Jamaican Whoopie

Arizona's ska kings trace roots of reggae

JR: (Laughing) Well, you just have that ska look, Dave.
NT: What about the reputation for fighting at ska shows?
DS: You see an occasional fight. But nine times out of ten, the people who are fighting are the 21-and-ups who have had a few to drink. I never see the kids start brawls. And I hate to stereotype that reputation as a skinhead thing, but back in the late '80s, you could get the shit kicked out of you just for looking at their girl. There doesn't seem to be any of that anymore.

BA: I saw a couple kids fighting at one show; it was a pretty respectable fight. They had their fists in the air and they were dancing around, actually boxing.

NT: Do the younger kids today get it, the whole scene?
DS: The first time we ever played was in Tucson. Everyone was in a full-on mosh pit. But they didn't know any better.

JR: A lot more people know how to skank now, as opposed to two years ago. Whatever skankin' is now--it's so different these days. But it's definitely not a mosh-pit atmosphere.

NT: Describe skankin'.
JR: It's a lot of different things really. It's evolved, everybody has their own style. How would you guys describe skankin'?

DS: Knees in the air.
BA: It's a twist but with the jumpin' and runnin'.
BA: It's just like the Macarena.
JR: No. Please, no.

NT: Why are a lot of people turning off to local alternative and on to ska?
JR: If you look at it from the standpoint of a musician, it's just better music. The songwriting is of better quality and it's got a lot more diversity to it.

DS: You could do a ska song that's intro, verse, chorus, solo, verse, chorus, outro . . .

BA: Hey, that's one of our songs!
DS: . . . and that's a pretty damned boring tune if you're playing two guitars, a bass and drums. If you have a two- or three-piece horn section you can totally diversify the sound and do so much more with it.

NT: But wouldn't you enjoy acting miserable, playing typical alternative music?

DS: No way. You just hit the nail on the head. We write some songs about being a total drunken fool, down and out lying in the gutter and nobody wants to hear about that. But when you put a horn line to it and a beat, it's just fucking fun. It turns into a funny tune instead of something depressing.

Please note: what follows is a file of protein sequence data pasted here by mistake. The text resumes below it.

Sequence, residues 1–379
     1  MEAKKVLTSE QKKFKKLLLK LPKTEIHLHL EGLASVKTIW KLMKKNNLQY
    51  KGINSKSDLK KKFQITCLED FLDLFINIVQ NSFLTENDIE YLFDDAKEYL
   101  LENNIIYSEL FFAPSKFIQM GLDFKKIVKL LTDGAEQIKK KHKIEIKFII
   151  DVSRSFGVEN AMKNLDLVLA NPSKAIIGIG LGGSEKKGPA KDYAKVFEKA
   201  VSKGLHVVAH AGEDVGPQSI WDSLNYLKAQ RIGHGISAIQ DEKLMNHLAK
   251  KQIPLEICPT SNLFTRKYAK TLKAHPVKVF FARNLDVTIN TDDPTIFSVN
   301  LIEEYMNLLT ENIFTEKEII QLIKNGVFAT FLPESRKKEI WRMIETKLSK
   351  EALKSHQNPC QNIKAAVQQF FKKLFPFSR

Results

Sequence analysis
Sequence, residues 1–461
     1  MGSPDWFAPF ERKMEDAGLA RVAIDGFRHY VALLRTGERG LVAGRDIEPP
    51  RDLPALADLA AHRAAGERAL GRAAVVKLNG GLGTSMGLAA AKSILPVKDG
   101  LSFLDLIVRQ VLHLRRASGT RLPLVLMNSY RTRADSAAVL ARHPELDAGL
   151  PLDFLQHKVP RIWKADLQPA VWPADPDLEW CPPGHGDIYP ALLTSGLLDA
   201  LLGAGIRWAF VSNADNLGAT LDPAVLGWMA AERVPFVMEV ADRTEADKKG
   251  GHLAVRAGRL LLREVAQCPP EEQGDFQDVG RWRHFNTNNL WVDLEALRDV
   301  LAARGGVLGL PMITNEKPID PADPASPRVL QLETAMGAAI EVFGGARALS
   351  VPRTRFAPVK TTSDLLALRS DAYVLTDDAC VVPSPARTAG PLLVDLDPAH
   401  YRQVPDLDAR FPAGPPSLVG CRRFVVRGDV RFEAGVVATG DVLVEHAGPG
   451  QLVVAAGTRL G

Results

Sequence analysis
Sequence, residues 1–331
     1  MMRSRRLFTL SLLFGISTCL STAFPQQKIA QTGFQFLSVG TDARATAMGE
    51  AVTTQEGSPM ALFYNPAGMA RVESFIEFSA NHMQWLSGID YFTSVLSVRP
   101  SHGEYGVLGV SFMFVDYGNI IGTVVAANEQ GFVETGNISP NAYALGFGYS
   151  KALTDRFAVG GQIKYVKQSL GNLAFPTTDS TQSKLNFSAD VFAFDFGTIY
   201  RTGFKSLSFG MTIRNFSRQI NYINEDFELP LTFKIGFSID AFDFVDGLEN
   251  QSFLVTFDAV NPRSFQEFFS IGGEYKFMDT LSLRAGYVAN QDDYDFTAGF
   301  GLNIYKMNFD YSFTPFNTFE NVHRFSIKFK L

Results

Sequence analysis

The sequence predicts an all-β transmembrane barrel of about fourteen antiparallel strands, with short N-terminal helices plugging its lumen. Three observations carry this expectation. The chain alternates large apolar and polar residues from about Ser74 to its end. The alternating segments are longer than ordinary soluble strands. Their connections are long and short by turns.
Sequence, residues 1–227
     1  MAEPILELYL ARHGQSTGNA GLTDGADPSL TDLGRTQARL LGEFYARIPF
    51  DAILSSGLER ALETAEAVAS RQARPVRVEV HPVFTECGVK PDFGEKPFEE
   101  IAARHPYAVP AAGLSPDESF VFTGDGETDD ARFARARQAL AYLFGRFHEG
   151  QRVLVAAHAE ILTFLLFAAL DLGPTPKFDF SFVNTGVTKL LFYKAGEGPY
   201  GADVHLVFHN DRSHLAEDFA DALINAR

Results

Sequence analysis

NT: Do you see ska as being more culturally rich than mainstream music?
DS: Definitely. There's so much more roots to it. Ska has been all over and it's evolved each step of the way.

BA: It started in Jamaica, then went to Europe and now it's in the United States, and Jamaican ska started from American R&B in the first place.

JR: It's picked something up each time it's gone from one country to another, and you can always recognize something from the previous wave. Currently, it's taking on a punk-rock influence.

NT: Is there anything unique about Arizona ska bands?
DS: It seems like you have a huge pocket of ska in the Midwest that has a metal sound to it. The East Coast is a lot more traditional. The West Coast is a mix of traditional and punk influences. And I don't know--what the hell is the difference here?

Dave Neil: We don't want to be either one, but we're closer to the West Coast. So, I guess the scales are tipping in that direction.

DS: Ska was such a wasteland in this state that we got to each develop our own styles. A lot of ska bands around the country really pocket themselves into one genre.

BA: None of us followed another band. We each started a ska band and came up with our own sound.

NT: Are there any problems trying to play out in Arizona?
DN: Do you have another tape?
JR: Yeah, we've gotten shot down in the past and we haven't gotten nearly the attention that we should--especially for the draw that we get.

DS: You can do what you can do locally. Your goal is to get out and be heard . . . Unlike the West Coast, in Arizona you can say "ska show," and people will come because they want to know more about it. In California, they want to know what kind of ska it is first.

DN: If you put a ska band in Arizona with no horns, you're gonna have a lot of pissed-off people. Where in L.A., you could probably pass off Rancid as a ska band.

JR: But I don't mind saying that half the reason there is a scene around here is because it was built around these three local bands. If it wasn't for us, the public wouldn't know who the national acts were.

BA: It seems like people still don't know. We're on tour and people ask, "What kind of music do you play?"

"No, no. What kind of music do you play?"
"Oh, Scotch? Okay, Scottish music!

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